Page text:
I am interested in algorithms for computing all subgraphs (**not** necessarily induced) of a graph $G$ up to $Aut(G)$ isomorphism. I had the idea of partitioning the edges of the graph like so
$$\{F|E(G)\setminus F\}$$
where $F$ is the set of "fixed" edges. We begin with $\{|E(G)\}%$ (none fixed) and then compute the orbits of $Aut(G)$ on $E(G)$. Selecting a representative from each, we create a new partition for each representative. Each orbit representative is fixed in its partition. To eliminate some redundancy in the second (and subsequent) partitions, we remove from each partition the edges that are in the orbit of previously-used edges in the stabilizer of the new representative.

For example, let $\{1,2,...,7\}$ be our edges for $G$. Suppose that $Aut(G)$ is edge transitive, so we get one partition $\{1|2,3,...,7\}$. Then we take the orbits of $\{2,...,7\}$ under the stabilizer of $1$ and say we get orbit representatives $2,4$. Then first we get the new partition $\{1,2|3,...,7\}$, which fixes $1$ and $2$ and can take children using $3...7$. The second partition will, of course, fix $1$ and $4$, but we will remove anything in the orbit of $2$ under the stabilizer of $1,4$, since it is redundant. Thus, if $\{2,6\}$ is an orbit in the stabilizer of $1,4$, the second partition will be $\{1,4|3,5,7\}$. We repeat the process—a branch ends when a partition has nothing on the right, no possible seeds for children. Thus the tree will grow until the last subgraph is found, with all edges fixed.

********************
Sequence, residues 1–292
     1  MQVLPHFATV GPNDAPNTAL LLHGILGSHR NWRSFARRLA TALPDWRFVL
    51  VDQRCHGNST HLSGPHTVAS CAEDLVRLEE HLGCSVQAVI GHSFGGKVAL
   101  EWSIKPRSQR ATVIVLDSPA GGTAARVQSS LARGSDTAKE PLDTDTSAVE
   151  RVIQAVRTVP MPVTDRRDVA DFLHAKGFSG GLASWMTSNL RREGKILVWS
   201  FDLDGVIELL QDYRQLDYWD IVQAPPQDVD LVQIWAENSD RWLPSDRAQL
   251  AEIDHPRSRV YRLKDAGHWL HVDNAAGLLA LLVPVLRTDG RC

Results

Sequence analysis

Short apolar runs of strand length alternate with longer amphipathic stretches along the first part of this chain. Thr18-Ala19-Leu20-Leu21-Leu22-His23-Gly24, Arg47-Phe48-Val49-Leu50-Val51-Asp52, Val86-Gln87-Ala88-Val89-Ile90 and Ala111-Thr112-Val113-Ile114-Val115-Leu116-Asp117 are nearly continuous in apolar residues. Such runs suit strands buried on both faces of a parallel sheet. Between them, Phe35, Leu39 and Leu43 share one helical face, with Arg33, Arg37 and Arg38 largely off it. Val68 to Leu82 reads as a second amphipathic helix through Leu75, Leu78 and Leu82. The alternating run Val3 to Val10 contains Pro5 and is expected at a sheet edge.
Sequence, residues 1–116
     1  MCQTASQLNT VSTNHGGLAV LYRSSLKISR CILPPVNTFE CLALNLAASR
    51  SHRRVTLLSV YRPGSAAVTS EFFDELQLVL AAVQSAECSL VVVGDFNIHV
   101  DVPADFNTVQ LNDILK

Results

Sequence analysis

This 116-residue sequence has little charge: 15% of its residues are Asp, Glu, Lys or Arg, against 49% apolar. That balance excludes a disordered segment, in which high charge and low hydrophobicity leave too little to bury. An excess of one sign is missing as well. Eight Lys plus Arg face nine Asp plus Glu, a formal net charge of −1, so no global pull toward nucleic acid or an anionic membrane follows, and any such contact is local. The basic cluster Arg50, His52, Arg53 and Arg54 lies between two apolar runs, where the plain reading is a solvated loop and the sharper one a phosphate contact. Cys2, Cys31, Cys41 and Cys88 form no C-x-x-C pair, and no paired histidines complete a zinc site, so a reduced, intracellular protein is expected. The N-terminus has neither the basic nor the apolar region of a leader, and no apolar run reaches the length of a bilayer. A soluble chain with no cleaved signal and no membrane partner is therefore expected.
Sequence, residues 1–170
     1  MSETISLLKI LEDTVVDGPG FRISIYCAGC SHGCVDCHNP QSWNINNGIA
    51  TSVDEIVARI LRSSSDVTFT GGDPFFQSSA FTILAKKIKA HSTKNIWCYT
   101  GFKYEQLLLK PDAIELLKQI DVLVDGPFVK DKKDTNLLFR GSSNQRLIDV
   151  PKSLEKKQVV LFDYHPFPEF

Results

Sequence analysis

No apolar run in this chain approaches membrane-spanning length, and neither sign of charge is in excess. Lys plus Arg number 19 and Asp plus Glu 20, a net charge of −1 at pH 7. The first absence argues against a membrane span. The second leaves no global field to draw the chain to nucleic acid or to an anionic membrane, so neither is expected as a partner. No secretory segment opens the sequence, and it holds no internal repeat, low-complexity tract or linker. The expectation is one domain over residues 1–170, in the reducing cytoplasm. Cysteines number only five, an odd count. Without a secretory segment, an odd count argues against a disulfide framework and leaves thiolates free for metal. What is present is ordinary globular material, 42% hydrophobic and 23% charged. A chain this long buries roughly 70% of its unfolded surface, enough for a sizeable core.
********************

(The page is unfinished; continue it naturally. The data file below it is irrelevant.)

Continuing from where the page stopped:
Here is the problem—this algorithm still has many redundancies. In the last example, say there is a symmetry $\sigma$ that maps $1 \mapsto 3$ and $2 \mapsto 4$. Both $\{1,2,3|\}$ and $\{1,4,3|\}$ are legitimate children from the two nodes we found above, but they are clearly identical under $\sigma$. This undermines the efficiency of the algorithm.

The only way I can see to fix the problem is to compute the orbit under $Aut(G)$ of a possible partition *every time* a new one is found and ensure that it is not already found. If one such isomorphic subgraph is made canonical, then new candidates must still be checked to see if they are identical by running through the group elements. This got me thinking: what if there were some magical way to label the graph such that a calculation could be made for any subgraph that would be *invariant* under $Aut(G)$? That is, the calculation would be identical for $A,B \le G$ if and only if $A \cong_G B$. I know it wouldn't be simple — I would consider this condition met if calculating this value were faster than just finding the orbit of $A$ and seeing if it included $B$.

**So, here are my questions:**

- Does any practical subgraph invariant to test for equivalence exist, and if not, can we prove that it doesn't?
- Could you suggest any resources to me on algorithms to find isomorph-free subgraphs? All I have been able to find are papers on the
*subgraph isomorphism problem*, which is a different problem than mine.

Thank you.